Lawrence Abrams, writing for Bleeping Computer:
However, while performing a security audit of the DuckDuckGo
Privacy Browser, security researcher Zach Edwards discovered that
while the browser blocks Google and Facebook trackers, it allowed
Microsoft trackers to continue running.
Further tests showed that DuckDuckGo allowed trackers related to
the bing.com and linkedin.com domains while blocking all other
In response to Edwards’ long thread on the subject, DuckDuckGo
CEO and Founder Gabriel Weinberg confirmed that their browser
intentionally allows Microsoft trackers third-party sites due to a
search syndication agreement with Redmond.
This has led to quite the uproar on Hacker News, where
Weinberg has been defending the company’s transparency surrounding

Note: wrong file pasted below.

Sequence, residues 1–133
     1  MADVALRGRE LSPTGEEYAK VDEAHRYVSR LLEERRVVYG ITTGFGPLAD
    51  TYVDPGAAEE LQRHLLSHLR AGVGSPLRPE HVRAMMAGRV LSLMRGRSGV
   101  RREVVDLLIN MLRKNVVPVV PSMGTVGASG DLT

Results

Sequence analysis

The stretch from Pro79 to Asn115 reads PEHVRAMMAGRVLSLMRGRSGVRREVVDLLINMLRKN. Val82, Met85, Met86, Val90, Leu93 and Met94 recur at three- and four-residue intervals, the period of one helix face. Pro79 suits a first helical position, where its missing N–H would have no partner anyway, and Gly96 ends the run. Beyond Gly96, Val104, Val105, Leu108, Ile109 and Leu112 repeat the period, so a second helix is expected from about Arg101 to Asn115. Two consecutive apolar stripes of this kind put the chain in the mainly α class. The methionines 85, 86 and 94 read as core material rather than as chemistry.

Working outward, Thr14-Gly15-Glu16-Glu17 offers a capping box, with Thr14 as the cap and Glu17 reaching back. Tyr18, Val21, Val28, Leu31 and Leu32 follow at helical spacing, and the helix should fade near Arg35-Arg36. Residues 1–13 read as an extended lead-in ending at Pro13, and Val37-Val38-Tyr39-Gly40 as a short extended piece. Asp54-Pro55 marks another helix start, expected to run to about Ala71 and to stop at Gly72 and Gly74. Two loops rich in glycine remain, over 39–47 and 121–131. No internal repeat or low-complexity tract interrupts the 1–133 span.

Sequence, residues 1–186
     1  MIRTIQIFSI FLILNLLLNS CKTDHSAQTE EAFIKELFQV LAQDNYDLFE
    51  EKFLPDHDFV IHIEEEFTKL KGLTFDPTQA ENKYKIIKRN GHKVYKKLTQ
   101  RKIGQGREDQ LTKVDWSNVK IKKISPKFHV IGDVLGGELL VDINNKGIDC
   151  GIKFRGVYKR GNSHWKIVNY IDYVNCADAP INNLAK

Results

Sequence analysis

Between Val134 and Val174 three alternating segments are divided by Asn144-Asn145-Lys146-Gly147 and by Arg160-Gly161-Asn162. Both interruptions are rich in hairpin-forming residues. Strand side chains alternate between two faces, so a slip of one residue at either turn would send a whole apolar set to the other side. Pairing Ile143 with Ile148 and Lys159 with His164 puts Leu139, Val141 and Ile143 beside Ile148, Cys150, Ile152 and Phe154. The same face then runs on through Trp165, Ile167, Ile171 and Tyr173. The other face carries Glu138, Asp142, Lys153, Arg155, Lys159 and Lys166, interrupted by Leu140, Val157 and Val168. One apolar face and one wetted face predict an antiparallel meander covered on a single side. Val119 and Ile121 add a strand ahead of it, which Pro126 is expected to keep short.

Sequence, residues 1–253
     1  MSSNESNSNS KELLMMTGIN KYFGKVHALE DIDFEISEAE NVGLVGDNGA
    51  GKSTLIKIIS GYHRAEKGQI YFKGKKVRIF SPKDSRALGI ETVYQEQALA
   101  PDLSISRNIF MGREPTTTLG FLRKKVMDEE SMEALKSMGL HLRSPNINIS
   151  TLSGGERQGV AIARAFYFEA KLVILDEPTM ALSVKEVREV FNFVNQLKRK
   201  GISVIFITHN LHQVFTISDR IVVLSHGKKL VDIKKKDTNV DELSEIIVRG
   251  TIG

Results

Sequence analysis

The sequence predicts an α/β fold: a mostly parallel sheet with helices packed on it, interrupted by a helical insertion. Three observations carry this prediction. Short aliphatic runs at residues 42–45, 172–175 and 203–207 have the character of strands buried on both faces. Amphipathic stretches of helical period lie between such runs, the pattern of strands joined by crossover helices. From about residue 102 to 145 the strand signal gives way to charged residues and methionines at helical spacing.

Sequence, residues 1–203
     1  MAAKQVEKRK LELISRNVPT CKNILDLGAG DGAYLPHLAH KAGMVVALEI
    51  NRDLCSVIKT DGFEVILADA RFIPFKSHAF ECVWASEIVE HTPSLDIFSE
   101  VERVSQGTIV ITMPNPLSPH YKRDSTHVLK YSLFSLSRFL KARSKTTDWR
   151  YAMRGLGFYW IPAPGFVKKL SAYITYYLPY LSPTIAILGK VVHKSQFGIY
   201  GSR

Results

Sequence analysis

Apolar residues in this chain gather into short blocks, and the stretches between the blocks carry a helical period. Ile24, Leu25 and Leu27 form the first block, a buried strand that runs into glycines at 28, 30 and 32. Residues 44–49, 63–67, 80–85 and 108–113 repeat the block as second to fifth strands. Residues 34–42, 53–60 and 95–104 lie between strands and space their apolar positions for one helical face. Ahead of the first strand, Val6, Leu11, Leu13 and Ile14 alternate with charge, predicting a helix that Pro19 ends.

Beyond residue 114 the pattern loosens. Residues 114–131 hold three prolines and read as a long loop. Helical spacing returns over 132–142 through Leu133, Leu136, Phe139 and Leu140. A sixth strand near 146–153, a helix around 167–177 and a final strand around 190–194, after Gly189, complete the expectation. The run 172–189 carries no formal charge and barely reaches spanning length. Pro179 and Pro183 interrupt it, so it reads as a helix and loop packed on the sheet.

the agreements with Microsoft.
Not a good look for a company that just launched a high-profile campaign, touting “the simple fact is tracking is tracking, no matter what you call it”.
To be clear, this is about DuckDuckGo’s web browser, not their search results. But still — it’s just so contrary to the core of DuckDuckGo’s brand. It’s not a good look for Microsoft either — Microsoft would be smart to alter their search syndication agreement with DuckDuckGo to allow them to treat Microsoft’s trackers just like anyone else’s in the DuckDuckGo browser.
(While I’m at it: I’ve tried DuckDuckGo’s beta browser for Mac, but I can’t abide it. They’re using WebKit and really have written their own browser application, but for reasons that escape me, they made it look like Chrome. E.g. tab close buttons are on the right, not left; and the app’s preferences aren’t in their own window, but instead open in a browser tab.)
Update: Weinberg has posted a detailed explanation on Reddit. Worth reading.
★ Thursday, 26 May 2022